The exciting thing about stem cells is that they can turn into any other cell in the body. Called "daughter cells," these more specialized cells can replace cells damaged by disease.
Research along these lines recently hit a roadblock. Studies in mouse stem cells showed that they lost instructions, called "imprinting," that tell the cells which of their genes to turn on. Without this imprinting, cells might turn on the wrong genes in the wrong place at the wrong time, causing serious problems.
Now this no longer seems to be a problem. Human embryonic stem cells keep their imprinting as they become daughter cells, report Johns Hopkins University researchers Patrick Onyango, PhD, and colleagues in the July 8 online issue of Proceedings of the National Academy of Sciences.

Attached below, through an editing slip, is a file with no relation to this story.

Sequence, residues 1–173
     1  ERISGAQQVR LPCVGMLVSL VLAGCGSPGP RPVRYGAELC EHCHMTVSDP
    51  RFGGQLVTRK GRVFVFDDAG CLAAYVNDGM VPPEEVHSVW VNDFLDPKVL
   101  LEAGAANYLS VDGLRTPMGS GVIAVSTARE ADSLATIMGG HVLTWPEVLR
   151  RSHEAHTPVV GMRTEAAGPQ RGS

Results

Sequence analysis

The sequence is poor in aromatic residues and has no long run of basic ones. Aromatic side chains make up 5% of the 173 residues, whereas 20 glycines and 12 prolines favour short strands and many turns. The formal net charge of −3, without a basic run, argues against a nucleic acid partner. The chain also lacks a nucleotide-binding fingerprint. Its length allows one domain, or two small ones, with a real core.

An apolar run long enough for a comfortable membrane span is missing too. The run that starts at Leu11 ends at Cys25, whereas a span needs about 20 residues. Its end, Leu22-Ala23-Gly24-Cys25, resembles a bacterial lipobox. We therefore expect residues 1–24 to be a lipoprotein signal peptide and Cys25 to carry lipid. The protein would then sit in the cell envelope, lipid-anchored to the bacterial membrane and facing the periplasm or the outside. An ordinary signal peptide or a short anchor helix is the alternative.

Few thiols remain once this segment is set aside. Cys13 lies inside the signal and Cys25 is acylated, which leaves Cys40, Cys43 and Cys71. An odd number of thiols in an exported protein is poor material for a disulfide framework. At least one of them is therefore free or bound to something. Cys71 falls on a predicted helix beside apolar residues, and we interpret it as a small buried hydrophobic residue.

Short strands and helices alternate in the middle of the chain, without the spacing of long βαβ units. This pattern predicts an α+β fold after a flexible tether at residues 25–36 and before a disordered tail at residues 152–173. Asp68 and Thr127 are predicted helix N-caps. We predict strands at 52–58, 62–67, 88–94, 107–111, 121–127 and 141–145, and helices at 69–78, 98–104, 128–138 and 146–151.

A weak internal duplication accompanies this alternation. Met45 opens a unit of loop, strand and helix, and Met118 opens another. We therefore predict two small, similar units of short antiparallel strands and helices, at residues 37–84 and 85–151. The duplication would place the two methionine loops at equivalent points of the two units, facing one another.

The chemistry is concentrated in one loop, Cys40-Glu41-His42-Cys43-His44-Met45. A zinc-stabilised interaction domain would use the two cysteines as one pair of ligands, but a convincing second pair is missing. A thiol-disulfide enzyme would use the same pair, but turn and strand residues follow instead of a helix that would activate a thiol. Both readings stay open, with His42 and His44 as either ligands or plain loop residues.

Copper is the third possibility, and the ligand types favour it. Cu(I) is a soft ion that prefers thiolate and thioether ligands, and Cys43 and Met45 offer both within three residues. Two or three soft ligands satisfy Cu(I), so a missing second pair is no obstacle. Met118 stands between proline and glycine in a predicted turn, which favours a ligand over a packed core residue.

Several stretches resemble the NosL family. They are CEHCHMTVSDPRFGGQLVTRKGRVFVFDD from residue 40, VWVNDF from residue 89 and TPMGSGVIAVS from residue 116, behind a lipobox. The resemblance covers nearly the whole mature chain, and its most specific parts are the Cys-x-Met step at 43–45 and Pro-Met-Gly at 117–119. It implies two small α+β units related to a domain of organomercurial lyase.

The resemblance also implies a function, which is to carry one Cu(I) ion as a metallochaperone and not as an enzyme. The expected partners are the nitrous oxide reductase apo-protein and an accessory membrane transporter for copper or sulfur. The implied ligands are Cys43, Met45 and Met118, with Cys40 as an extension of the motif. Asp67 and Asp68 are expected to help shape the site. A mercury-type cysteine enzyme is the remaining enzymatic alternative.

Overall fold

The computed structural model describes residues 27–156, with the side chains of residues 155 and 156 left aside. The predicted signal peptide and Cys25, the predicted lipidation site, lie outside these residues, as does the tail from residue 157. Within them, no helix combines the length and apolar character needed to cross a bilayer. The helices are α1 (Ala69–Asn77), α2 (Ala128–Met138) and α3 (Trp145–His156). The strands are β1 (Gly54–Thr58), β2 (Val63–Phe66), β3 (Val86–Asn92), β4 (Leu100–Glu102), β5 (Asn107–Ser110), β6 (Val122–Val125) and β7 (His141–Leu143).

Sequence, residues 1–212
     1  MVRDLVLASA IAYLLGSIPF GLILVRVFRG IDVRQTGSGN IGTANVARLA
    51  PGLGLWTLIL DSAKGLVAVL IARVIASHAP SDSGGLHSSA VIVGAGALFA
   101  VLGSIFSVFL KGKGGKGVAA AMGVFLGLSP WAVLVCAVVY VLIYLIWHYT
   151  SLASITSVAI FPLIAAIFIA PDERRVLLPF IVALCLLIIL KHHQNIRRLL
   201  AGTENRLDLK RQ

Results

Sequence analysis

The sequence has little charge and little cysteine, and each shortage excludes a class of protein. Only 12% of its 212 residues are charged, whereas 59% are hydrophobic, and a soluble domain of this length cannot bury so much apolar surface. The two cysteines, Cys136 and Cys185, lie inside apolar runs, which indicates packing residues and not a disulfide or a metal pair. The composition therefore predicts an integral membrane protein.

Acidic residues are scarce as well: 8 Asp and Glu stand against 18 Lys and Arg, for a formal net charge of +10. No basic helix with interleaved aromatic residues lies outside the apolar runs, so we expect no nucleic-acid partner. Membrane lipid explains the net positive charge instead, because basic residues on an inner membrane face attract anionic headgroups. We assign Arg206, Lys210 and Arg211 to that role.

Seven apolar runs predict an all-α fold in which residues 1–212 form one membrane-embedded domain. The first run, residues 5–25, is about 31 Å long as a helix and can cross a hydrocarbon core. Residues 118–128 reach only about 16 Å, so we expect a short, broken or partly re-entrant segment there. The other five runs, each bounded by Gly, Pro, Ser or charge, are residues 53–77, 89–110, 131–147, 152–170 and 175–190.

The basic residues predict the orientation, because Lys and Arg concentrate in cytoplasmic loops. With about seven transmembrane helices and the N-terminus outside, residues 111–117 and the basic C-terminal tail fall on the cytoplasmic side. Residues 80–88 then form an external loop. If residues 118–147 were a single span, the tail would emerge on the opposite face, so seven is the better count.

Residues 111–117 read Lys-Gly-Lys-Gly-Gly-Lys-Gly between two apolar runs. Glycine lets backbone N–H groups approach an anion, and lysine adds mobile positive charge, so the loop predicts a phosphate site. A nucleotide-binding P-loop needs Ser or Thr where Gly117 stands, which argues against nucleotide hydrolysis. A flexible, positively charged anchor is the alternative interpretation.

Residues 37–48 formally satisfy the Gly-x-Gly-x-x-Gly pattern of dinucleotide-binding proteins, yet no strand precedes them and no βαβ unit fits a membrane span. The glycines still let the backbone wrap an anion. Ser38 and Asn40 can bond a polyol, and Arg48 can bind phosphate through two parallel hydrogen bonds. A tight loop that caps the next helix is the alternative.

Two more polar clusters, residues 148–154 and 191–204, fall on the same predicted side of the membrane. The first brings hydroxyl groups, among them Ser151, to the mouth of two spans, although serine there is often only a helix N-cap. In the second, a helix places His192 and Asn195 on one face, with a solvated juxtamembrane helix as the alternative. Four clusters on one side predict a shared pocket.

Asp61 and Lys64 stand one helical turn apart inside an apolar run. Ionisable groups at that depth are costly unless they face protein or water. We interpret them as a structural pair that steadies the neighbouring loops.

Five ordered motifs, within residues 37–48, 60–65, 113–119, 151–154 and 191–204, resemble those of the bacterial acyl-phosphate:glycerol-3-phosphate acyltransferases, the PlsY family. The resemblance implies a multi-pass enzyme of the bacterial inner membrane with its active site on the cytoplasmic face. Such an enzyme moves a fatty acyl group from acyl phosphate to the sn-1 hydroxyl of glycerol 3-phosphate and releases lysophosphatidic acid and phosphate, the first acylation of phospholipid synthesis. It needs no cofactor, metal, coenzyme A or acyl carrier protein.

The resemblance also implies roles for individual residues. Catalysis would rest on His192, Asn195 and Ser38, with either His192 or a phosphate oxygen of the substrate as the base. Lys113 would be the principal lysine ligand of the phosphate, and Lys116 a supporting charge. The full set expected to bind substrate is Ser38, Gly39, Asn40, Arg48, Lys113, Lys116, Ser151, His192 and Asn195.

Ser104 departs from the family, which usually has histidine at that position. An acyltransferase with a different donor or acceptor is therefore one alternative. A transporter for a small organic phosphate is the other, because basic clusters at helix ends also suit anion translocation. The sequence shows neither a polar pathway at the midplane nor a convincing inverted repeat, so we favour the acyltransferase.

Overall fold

"It's reassuring to learn that the cells we have derived from primordial germ cells are imprinted normally," study co-author John D. Gearhart, PhD, says in a press release. "This is critical information for their possible safe clinical use in the future."
There's one happy byproduct of learning more about imprinting. One major cause of cancer is loss of imprinting in tumor cells. Certain drugs can restore imprinting to these cells.